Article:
By Robert Cohen
This activism made Mrs. Roosevelt a beloved figure among poor teens and children, who between 1933 and 1941 wrote her thousands of letters describing their problems and requesting her help. Dear Mrs. Roosevelt presents nearly 200 of these extraordinary documents to open a window into the lives of the Depression's youngest victims. In their own words, the letter writers confide what it was like to be needy and young during the worst economic crisis in American history.
Revealing both the strengths and the limitations of New Deal liberalism, this book depicts an administration concerned and caring enough to elicit such moving appeals for help yet unable to respond in the very personal ways the letter writers hoped.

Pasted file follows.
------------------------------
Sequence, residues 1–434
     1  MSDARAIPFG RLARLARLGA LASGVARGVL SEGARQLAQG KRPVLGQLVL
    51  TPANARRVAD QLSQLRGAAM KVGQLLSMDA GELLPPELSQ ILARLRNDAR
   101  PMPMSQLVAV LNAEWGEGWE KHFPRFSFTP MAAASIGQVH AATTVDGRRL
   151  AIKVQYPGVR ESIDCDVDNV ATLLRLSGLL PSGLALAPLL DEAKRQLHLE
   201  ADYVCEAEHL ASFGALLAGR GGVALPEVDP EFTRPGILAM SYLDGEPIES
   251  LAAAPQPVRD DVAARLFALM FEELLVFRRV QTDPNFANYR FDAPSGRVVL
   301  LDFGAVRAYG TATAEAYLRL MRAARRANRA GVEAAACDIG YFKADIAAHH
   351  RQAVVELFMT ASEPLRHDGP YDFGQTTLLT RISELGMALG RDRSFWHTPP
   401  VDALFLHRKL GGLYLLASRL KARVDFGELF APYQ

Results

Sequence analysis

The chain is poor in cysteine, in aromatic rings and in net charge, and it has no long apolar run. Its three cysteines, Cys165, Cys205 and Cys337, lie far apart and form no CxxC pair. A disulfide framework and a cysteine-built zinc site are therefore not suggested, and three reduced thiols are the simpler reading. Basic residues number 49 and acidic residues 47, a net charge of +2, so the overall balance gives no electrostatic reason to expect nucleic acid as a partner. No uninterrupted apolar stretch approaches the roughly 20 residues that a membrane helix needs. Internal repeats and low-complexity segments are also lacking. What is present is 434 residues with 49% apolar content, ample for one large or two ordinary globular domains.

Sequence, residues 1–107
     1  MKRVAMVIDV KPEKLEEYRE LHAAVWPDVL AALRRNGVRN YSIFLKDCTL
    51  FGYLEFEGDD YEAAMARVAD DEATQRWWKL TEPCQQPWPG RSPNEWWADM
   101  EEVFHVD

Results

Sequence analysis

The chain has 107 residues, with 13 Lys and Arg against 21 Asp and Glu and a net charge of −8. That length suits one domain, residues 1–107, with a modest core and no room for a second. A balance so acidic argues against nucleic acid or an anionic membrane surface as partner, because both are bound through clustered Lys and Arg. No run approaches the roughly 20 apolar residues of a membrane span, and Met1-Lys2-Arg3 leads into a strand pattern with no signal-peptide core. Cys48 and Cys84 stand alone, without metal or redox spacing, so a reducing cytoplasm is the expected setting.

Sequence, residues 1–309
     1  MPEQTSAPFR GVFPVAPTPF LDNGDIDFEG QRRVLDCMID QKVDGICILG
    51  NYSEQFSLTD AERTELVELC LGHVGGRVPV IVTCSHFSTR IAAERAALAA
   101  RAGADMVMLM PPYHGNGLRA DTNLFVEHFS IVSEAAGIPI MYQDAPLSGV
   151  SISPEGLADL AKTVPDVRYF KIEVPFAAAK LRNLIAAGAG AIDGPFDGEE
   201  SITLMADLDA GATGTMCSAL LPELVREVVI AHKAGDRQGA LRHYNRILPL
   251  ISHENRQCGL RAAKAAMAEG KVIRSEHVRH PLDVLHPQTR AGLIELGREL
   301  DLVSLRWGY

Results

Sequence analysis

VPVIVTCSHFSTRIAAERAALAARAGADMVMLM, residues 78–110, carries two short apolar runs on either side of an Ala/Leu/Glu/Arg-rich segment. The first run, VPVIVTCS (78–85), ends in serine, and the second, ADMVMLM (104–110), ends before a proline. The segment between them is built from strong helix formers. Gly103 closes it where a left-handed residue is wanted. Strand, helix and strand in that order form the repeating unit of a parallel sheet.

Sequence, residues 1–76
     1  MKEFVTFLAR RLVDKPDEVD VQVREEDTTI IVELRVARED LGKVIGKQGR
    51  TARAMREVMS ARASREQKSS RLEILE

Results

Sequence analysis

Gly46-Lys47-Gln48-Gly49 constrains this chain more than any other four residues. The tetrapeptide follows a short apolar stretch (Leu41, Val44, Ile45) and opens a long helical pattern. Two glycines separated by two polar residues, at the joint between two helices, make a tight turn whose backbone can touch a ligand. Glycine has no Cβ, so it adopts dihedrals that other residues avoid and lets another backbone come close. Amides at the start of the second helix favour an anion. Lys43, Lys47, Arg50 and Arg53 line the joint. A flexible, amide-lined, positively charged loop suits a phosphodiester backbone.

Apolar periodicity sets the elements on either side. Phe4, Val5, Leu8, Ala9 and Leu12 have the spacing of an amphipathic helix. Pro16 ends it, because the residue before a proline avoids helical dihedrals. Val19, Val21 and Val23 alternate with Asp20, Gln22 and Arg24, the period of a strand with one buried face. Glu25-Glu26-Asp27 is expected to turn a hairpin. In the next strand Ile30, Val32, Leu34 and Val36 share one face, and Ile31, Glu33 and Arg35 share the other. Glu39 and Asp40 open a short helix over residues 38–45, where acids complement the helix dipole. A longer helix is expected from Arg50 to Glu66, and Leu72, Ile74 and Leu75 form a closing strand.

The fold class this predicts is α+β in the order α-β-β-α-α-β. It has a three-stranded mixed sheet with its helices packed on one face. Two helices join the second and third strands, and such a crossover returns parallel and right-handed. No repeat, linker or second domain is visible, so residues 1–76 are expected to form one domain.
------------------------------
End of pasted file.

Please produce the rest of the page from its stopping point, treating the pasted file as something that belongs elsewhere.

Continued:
- Chapel Hill, NC
- Roosevelt, Eleanor, 1884-1962--Correspondence
- Presidents' Spouses--United States--Correspondence
- Children--United States--Correspondence
- Poor Children--United States--Correspondence
- United States--History--1933-1945--Sources
- Depressions--1929--United States--Personal Narratives
- United States--Politics and Government--1933-1945--Sources
- United States--Social Conditions--1933-1945--Sources
- Children--United States--Social Conditions--20th Century--Sources
- Children's Writings, American